Eight Essential Leadership Qualities for International Hotel Management in 2019

Are you considering a career in hotel management, but you are not sure what it will take to succeed in that top job?

Working your way up to a management position in a hotel is not going to be easy, but it’s an incredibly rewarding and exciting experience. You get to work with all kinds of people, in exotic locations and luxurious settings around the world.

If you enjoy a challenge, have a thirst for adventure and you’re passionate about hospitality, you may just be the right person for the job.


Here are eight essential leadership qualities you’ll need to become a successful, international hotel manager


  1. Passion for the job

There is no easy way around it; managing hotels will take up a lot of your time and energy. You will work long hours, have a lot of responsibility and be managing a million tasks at a time. To commit to this demanding occupation, you need to be absolutely passionate about what you do.

You need to care about customers, about your brand, about your employees, and about the service your hotel provides. You need to be obsessing over details and thinking of ways to improve or grow your business all the time. You can only give your hotel the physical and mental energy it needs to succeed if you truly love what you do.


  1. Ability to pull a diverse team together with shared goals

There is a lot of discussion and research going on about the benefits of diversity in hospitality (and across all businesses) today. Not only are more Gen Y employees prioritising diversity in their choice of workplace, it is also linked to better business performance and innovation, and even higher profitability.

International hotels typically attract diverse employees, particularly when it comes to junior positions. However, if you want your hotel to outshine the competition, you are going to have to work at creating a diverse workplace across all levels. It is also important to promote an inclusive culture within the organisation, and clearly communicate shared goals, to foster a sense of unity.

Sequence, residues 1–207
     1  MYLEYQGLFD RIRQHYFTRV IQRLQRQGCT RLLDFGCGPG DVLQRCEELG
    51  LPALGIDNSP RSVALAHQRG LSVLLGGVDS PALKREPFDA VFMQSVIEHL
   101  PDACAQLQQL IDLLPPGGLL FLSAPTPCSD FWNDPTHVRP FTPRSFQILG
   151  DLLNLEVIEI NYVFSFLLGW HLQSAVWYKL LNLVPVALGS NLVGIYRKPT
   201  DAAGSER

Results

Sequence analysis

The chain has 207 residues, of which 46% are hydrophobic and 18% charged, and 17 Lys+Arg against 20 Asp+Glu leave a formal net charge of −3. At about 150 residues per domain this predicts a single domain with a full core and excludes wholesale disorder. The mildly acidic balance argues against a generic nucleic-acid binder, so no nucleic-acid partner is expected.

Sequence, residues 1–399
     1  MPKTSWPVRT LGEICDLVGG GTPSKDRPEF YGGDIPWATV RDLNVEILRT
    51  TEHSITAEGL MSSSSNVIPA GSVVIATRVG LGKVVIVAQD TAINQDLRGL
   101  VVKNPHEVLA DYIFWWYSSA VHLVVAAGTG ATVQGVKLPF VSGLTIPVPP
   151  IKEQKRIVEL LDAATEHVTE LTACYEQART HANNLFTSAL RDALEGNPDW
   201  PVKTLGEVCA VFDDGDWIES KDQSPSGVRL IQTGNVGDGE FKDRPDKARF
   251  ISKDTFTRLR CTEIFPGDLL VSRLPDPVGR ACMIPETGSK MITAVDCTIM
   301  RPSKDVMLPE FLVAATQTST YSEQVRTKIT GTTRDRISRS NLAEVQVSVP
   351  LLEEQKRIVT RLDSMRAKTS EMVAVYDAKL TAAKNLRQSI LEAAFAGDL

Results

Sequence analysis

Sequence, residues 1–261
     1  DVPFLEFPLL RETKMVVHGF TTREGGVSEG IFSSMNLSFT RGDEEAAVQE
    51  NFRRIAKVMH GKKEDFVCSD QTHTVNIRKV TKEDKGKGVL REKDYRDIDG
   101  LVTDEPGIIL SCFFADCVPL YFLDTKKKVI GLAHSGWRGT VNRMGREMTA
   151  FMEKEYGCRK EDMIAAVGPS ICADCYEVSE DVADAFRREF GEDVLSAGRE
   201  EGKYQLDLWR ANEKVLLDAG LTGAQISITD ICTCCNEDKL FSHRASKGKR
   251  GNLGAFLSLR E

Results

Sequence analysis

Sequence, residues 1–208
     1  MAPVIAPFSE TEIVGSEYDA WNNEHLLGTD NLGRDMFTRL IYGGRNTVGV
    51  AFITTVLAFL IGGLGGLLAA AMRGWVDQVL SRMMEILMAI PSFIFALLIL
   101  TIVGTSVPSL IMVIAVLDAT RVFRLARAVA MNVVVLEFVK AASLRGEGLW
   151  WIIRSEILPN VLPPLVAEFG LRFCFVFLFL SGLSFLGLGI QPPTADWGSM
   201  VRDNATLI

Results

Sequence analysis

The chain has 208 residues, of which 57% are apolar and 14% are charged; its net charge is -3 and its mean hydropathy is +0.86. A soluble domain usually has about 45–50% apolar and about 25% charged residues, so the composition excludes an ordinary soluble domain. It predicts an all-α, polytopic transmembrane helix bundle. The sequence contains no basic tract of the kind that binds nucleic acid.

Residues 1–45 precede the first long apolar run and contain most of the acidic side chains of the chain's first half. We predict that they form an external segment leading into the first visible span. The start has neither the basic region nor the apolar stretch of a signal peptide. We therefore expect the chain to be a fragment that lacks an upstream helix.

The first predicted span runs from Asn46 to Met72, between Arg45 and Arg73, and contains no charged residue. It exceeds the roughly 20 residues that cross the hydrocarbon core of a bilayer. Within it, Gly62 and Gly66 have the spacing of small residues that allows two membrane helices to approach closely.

Staff need to feel valued to believe in the group to be committed to what you are collectively trying to achieve – that is how you get the most out of your employees.


  1. Great communication

Great communication occurs in many different forms, and it is a core element of good hotel management. It many involve regular feedback, a friendly approach, clarity, regular updates, or choosing the appropriate medium.

A great hotel manager is able to listen to guests and staff effectively, and to communicate not just how, but also why things are done. This is important, because once your staff understands the motivation for a certain task; they may actually be able to improve it. A manager could be missing out on new innovations in their hotels because they are not open to hearing what junior staff may have to say.

Communication is not a natural talent, it’s actually a skill, and it can be exercised. Active listening, and nonviolent communication are two potential strategies that can help you do your job more effectively, as a manager. Check out a few more ideas on good communication for managers, here.


  1. Self-awareness and emotional intelligence

There is a substantial amount of research showing that executives with a high level of emotional intelligence receive more favourable performance reviews, and their organisations perform better financially. Emotional intelligence is not only essential when managing others, but equally important when developing your own leadership style.